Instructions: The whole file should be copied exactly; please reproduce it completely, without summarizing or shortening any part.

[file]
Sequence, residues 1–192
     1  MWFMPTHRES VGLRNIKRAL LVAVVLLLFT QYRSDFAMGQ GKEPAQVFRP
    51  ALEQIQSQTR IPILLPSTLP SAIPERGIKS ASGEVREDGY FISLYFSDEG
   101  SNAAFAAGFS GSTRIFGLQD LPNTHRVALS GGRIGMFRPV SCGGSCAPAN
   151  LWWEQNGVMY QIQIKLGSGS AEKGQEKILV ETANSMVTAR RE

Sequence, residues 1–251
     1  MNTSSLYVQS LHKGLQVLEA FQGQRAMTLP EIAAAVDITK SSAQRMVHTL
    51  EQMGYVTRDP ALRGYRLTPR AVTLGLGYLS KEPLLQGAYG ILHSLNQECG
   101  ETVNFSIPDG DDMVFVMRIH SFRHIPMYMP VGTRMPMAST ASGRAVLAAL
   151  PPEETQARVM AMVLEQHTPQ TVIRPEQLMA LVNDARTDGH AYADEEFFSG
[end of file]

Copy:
Sequence, residues 1–192
     1  MWFMPTHRES VGLRNIKRAL LVAVVLLLFT QYRSDFAMGQ GKEPAQVFRP
    51  ALEQIQSQTR IPILLPSTLP SAIPERGIKS ASGEVREDGY FISLYFSDEG
   101  SNAAFAAGFS GSTRIFGLQD LPNTHRVALS GGRIGMFRPV SCGGSCAPAN
   151  LWWEQNGVMY QIQIKLGSGS AEKGQEKILV ETANSMVTAR RE

Sequence, residues 1–251
     1  MNTSSLYVQS LHKGLQVLEA FQGQRAMTLP EIAAAVDITK SSAQRMVHTL
    51  EQMGYVTRDP ALRGYRLTPR AVTLGLGYLS KEPLLQGAYG ILHSLNQECG
   101  ETVNFSIPDG DDMVFVMRIH SFRHIPMYMP VGTRMPMAST ASGRAVLAAL
   151  PPEETQARVM AMVLEQHTPQ TVIRPEQLMA LVNDARTDGH AYADEEFFSG